KM: I believe the majority of the Arabs living in America are Christian.
JVS: I think that it is utterly naÃ¯ve to think this is that this is a fight about "terrorism." I am willing to say that the distinction between good Muslims and terrorists is politically a good or necessary move, a kind of "noble lie." But we should not be naÃ¯ve about what we up against. The reason we cannot see that there may be a more dangerous problem is because we are mostly all relativists today. Our relativism blinds us and does not allow us to say that there is someone so passionately interested in what he believes, that he does not care about his own life and death.
Aristotle had already said that if someone intends to kill us and does not care about his own death, it will be very difficult to stop him. We have no idea what to do with voluntary and arbitrary suicide bombers, something justified in some Muslim traditions. If someone does not care about his life, unless we get to him first, he can kill us if he wants to, especially if he thinks that he is a martyr in doing so. We see that every day, and it is incomprehensible to us. Why would some fool want to do that? For us often there is no such thing as an idea worth dying for, generally anymore including our own country. To turn around and say, "well this is just a question of a few odd weirdoes," does not work. They are not "weirdoes" in their own terms; their culture looks on them often as heroes.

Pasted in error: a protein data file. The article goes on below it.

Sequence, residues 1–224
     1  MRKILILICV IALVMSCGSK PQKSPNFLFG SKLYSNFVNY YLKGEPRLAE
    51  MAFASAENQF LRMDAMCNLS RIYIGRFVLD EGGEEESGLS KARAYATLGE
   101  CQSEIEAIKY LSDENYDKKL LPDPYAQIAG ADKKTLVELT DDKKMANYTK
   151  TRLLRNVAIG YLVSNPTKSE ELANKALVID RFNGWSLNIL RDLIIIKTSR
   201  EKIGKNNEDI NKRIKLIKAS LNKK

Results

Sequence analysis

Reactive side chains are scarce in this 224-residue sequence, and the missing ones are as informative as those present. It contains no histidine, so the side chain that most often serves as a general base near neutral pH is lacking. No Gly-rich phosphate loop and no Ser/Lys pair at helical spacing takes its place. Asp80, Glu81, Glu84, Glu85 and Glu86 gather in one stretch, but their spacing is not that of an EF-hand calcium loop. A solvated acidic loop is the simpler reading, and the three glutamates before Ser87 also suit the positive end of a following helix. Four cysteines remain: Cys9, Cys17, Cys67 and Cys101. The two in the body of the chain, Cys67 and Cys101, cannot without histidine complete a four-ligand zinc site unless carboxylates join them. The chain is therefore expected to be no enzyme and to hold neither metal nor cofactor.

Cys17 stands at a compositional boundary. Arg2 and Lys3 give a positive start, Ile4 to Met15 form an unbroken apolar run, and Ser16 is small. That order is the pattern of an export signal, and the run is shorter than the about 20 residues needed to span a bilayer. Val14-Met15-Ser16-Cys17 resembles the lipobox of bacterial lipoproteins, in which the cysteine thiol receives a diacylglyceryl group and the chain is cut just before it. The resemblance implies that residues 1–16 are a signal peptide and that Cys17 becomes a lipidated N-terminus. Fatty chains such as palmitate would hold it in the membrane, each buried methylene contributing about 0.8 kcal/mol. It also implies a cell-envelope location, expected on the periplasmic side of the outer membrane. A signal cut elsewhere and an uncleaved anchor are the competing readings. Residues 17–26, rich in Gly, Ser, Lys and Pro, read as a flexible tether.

KM: So how might such a disarmament of Islam occur, a more rational Islam, a sort of "enlightenment" of Islam?
JVS: You have the right issue. Namely, it does go back to the origins of science and modernity, the nature of Islamic rejection of Christianity and Judaism. No diversity, no Trinity, in the Godhead means that, for Islam, implicitly at least, Christians are "idolaters." Christ cannot be "true God and true man," as no distinction in the Godhead is allowed. Once we understand what obedience or submission to a divine will that itself has no other control other than its own pure will means, it seems to follow that there can be no natural law or even no secondary causality. Those who maintain the supremacy of divine mind or the reality of secondary causes are considered heretical in some sense. There has to be a recognition that this understanding of the Godhead as pure will has something wrong with it in principle. It is by no means a neutral principle.
The Pope has been so great on many things. He is always preaching the need of dialogue and of agreeing when possible, particularly with Islam. I think he has constantly propose discussion. We do have to find out what is good in any system, however strange it may seem. We have to work with that good and say we agree on those things that are common.
Remember that Maritain's chapter in Man and the State (Chicago, 1952) is about the practical Democratic Creed. He maintained that we need not care in public how someone philosophically arrives at an agreed-on principle of law or action, though Maritain did not deny that theoretic argument was important. But when we do arrive at practical agreement, we will, so Maritain proposed, all arrive at it together and agree to uphold what is agreed upon. We will live together in peace. I am not so sure that this agreement will happen. Unless we have a theoretical background of agreement, which is truth, we are unlikely to agree on practical things.